4
$\begingroup$

In the beginning of "Quantum Field Theory for the Gifted Amateur," there is the statement:

Every particle and every wave in the Universe is simply an excitation of a quantum field that is defined over all space and time.

To an naive (not gifted) self-studier, this came as quit an eye-opener. Over the course of a non-physics education, one tends to get so used to the existence of atoms, protons, electrons,etc., even subatomic particles, that it is easy to overlook where they came from.

So the above remark is a nice resolution. Then my question is, where do these quantum fields come from.

Further, with a subsequent assertion that, e.g., all protons are perfectly alike, as mentioned on pdf page 9 of Prof. Tong's notes:

http://www.damtp.cam.ac.uk/user/tong/qft/qft.pdf

in that "there is a sea of proton stuff filling the universe," if this sea fills the universe, then where do the seas of other particles fit in - and how do they keep things straight amongst themselves.

Maybe this is too broad a question, or, more likely, I am inadequately versed in these matters. But I would appreciate any help or reference suggestions.

Thanks

$\endgroup$
5
  • 2
    $\begingroup$ possible duplicate of What is a field, really? $\endgroup$
    – ACuriousMind
    Jul 28, 2014 at 20:17
  • 1
    $\begingroup$ @ACuriousMind nice link -thanks. Yet it seems that those discussion of a field tend to portray it as a derivative to describe what is happening. Yet, my impression from my modicum of exposure to QFT is that the field precedes the particle. $\endgroup$
    – user41976
    Jul 28, 2014 at 20:32
  • 1
    $\begingroup$ If you read dmckee's answer carefully, I think it says that what precedes what is a meaningless question. The formalism says its the fields, but what you observe is the particles, but what you explain it with is the fields... The question "What is a field?" has exactly one answer: "An assignment of values (be they scalars, vectors, operators) to points." All else is (from the pure theory viewpoint, unnecessary) interpretation. $\endgroup$
    – ACuriousMind
    Jul 28, 2014 at 20:37
  • $\begingroup$ @ACuriousMind Thank you for the emphasis and pointing thing out. I appreciate it. Regards, $\endgroup$
    – user41976
    Jul 28, 2014 at 20:46
  • 1
    $\begingroup$ "where do these quantum fields come from." If quantum fields are fundamental then this isn't a valid question. And, if they aren't fundamental and if someone gave an alleged answer "quantum fields come from X", I would think that you might pause, furrow your brow, and then ask "but where does X come from?". $\endgroup$ Jul 28, 2014 at 22:45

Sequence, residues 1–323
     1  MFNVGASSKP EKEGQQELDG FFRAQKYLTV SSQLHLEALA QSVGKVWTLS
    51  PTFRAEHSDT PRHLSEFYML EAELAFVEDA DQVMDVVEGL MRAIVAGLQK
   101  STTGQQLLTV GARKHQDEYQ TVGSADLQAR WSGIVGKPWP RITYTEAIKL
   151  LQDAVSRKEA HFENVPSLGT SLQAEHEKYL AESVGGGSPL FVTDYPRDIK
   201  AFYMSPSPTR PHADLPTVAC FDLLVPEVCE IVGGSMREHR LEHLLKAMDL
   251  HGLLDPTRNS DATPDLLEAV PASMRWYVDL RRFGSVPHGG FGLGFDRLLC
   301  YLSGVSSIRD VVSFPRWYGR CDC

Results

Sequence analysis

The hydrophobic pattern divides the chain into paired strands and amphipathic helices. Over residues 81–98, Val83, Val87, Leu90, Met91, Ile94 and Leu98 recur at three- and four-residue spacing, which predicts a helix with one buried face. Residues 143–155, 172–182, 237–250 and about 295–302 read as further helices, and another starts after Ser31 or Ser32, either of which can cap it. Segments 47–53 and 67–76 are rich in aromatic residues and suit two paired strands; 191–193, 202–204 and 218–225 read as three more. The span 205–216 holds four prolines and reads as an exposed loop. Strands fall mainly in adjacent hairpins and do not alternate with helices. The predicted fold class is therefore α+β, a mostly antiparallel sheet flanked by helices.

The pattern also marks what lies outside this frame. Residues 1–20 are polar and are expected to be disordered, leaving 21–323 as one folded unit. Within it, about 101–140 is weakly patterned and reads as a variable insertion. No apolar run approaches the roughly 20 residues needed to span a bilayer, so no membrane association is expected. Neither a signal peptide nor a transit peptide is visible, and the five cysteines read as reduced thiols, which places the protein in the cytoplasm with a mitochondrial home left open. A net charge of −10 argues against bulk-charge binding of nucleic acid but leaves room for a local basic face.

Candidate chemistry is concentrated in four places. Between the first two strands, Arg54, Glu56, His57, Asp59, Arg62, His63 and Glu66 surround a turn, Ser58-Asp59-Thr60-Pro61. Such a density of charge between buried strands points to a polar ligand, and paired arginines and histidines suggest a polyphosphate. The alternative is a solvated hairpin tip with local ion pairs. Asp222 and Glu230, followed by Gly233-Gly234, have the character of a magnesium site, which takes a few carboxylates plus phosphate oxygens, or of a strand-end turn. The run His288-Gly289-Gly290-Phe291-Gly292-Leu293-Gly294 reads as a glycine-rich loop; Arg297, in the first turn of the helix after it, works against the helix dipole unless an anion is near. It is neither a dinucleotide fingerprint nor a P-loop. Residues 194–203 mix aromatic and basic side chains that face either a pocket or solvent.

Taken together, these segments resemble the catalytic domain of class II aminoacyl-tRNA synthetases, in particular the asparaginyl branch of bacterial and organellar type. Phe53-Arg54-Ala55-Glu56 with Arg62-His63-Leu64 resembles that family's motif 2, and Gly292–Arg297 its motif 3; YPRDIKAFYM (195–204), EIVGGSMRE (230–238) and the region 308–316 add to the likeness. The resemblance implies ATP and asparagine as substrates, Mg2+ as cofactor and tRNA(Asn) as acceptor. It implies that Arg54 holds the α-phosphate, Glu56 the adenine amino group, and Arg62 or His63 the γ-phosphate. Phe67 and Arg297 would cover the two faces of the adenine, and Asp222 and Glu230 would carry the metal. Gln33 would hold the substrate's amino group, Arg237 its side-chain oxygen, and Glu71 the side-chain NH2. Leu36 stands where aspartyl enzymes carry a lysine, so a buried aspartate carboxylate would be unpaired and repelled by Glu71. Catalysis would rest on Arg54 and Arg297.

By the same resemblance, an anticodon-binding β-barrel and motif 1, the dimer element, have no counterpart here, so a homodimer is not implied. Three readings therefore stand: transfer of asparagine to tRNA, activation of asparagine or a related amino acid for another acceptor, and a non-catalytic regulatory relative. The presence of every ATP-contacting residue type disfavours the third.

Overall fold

1 Answer 1

3
$\begingroup$

The "is simply an excitation" might be a bit overstated, as it if it were that simple you probably wouldn't have needed to ask this question. It might be better stated as "can simply be modeled mathematically as an excitation".

The "fields" are part of a mathematical model that attempts to explain our observations. Saying "where does a field come from" is a bit like saying "where does everything in the Universe come from" or "what happened before the Big Bang", which may seem intuitively sensible to humans, but are not necessarily well-founded questions.

Some "fields" may have emerged shortly after the Big Bang due to symmetry breaking, so it may be possible to unify some of the "fields" to a simpler state with fewer "fields", if that makes sense. Evidence suggests (as well as a scientific bias toward simplicity) that the closer you get to the Big Bang, the simpler the models can be. Unfortunately, this also makes the process of modeling things more complicated in part since we can't make direct observations of what the Universe might have looked like back then to test theory.

$\endgroup$
3
  • $\begingroup$ So if I'm right. Once we assumed atoms, then we assumed particles and waves, and now we assume fields? $\endgroup$ Mar 6, 2020 at 23:33
  • 1
    $\begingroup$ @VeronicaNoordzee We've never assumed that atoms exist, that wave/particle duality exists, or that fields exist. We determine these things via observation and the scientific method. Theories use models to describe observations. In physics, these models are mathematical in nature. In quantum physics the models are necessarily mathematical because no common-sense physical interpretation can explain observations. Philosophers still argue over whether reality is mathematics, or if the math just attempts to describe a deeper reality. I believe the former due to what I said two sentences ago. $\endgroup$ Apr 30, 2020 at 19:08
  • 1
    $\begingroup$ I like the first word of your comment: "We". We, human beings. We, scientists, We, physicists. $\endgroup$ May 6, 2020 at 14:28